|Having trouble viewing this email? Click here|
Saturday, January 28, 2012
Wednesday, January 18, 2012
Sunday, January 8, 2012
Monday, January 2, 2012
It can be found here:
Sunday, January 1, 2012
Hangover remedies probably evolved hand in hand with alcohol consumption. Pliny the Elder counseled Romans to eat fried canaries or raw owl's eggs. Ancient Assyrians tried to assuage their anguish by consuming a concoction of ground bird beaks and myrrh. Medieval Europeans consumed raw eels with bitter almonds. The Chinese drank green tea, which seems benign enough, but their neighbors the Mongolians ate pickled sheep's eyes. The Japanese ate pickled plums. Then there's the Prairie Oyster, introduced at the 1878 Paris World Expo: it's a raw egg (with the yolk intact), mixed with Tabasco sauce, Worcestershire sauce, salt, and pepper. Puerto Ricans took a preventative tack: they rubbed sliced lemons in their armpits before drinking; In India, they drank coconut water, and there's some merit to that, because coconut water is rich in electrolytes and it helps with the dehydration.
Then there's the "hair of the dog" approach. In the 19th century, an Italian named Bernardino Branca developed a potion called Fernet: rhubarb, aloe, peppermint oil, and opiates. As a bonus, Fernet also cured cholera, or so Branca claimed. It's still available today, minus the opiates. Some people swear by the Bloody Mary: tomato juice mixed with vodka and a variety of spices; Hemingway's variant was tomato juice and beer.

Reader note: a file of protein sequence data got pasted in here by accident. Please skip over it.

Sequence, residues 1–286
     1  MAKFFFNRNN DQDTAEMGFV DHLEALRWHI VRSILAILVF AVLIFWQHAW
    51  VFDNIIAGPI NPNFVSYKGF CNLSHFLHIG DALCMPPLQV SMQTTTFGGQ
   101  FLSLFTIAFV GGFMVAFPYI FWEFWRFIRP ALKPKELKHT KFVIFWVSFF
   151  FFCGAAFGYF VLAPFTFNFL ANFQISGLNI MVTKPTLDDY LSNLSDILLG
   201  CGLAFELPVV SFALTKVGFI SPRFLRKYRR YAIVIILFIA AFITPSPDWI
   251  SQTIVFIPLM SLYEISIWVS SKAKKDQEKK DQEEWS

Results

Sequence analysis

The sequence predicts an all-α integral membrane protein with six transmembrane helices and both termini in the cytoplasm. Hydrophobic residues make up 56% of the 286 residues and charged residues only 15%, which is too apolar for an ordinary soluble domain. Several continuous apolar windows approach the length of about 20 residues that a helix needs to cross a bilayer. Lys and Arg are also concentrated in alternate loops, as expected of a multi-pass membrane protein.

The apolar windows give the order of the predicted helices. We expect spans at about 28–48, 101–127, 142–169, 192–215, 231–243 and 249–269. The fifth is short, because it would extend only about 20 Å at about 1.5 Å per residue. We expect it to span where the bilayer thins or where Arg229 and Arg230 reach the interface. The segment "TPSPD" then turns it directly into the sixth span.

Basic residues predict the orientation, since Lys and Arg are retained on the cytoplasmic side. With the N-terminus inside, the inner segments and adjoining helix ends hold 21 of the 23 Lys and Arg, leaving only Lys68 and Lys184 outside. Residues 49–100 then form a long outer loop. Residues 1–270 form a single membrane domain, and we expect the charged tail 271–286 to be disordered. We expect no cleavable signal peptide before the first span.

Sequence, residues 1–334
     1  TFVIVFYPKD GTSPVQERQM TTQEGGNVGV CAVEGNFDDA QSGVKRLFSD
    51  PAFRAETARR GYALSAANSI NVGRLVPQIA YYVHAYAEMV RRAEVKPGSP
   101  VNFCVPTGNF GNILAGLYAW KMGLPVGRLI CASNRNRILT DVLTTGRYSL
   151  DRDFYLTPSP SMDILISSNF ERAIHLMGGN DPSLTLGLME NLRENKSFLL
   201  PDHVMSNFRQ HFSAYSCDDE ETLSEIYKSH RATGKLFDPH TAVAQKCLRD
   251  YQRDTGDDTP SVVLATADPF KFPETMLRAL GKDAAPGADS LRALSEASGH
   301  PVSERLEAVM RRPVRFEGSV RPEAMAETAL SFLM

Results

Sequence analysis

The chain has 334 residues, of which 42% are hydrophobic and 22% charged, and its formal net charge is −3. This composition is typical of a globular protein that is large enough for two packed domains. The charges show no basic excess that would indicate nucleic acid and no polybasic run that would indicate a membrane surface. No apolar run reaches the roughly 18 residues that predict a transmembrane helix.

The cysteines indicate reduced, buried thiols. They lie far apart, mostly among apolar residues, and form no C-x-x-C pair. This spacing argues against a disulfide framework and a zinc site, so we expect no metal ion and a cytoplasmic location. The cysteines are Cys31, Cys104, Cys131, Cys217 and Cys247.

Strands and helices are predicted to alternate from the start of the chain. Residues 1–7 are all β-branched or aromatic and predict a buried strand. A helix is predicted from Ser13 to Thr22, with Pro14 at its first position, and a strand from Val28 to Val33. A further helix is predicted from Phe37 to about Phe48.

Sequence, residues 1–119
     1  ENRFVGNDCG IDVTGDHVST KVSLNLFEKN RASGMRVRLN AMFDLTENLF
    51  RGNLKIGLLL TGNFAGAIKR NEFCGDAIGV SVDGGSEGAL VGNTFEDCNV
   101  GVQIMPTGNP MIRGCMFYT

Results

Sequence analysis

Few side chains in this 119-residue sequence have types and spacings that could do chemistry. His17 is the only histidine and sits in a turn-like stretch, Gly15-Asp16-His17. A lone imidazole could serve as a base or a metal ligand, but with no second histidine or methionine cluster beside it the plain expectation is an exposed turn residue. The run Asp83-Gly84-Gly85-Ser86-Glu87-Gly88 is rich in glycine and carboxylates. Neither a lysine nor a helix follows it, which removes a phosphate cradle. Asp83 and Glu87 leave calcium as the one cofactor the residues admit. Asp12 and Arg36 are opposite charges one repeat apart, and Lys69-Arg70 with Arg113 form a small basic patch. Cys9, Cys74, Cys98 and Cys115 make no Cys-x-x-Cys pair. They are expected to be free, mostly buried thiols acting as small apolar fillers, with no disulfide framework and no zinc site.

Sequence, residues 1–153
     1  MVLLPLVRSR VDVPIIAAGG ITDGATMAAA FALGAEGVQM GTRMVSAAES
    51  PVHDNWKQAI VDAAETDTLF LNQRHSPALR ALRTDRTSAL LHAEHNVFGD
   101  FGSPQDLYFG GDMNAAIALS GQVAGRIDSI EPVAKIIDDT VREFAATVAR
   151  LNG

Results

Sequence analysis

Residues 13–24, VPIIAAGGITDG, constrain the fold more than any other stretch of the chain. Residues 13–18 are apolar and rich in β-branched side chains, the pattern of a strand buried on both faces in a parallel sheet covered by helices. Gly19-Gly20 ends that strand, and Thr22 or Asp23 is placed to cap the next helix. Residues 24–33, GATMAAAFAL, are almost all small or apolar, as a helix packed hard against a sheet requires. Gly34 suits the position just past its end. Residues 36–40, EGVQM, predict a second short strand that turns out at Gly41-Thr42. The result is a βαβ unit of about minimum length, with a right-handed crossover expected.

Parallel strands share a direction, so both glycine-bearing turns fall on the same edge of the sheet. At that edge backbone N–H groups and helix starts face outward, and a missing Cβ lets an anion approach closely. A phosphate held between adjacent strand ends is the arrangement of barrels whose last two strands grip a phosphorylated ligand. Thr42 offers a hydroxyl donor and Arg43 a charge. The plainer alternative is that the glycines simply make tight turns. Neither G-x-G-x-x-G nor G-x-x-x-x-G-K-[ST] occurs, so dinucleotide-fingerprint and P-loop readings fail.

A literature review in the British Medical Journal concludes that there is no reliable way to treat or prevent hangover after over-imbibing. The Algonquin Round Table writer Robert Benchley came to a similar conclusion: "A real hangover is nothing to try out family remedies on. The only cure for a real hangover is death."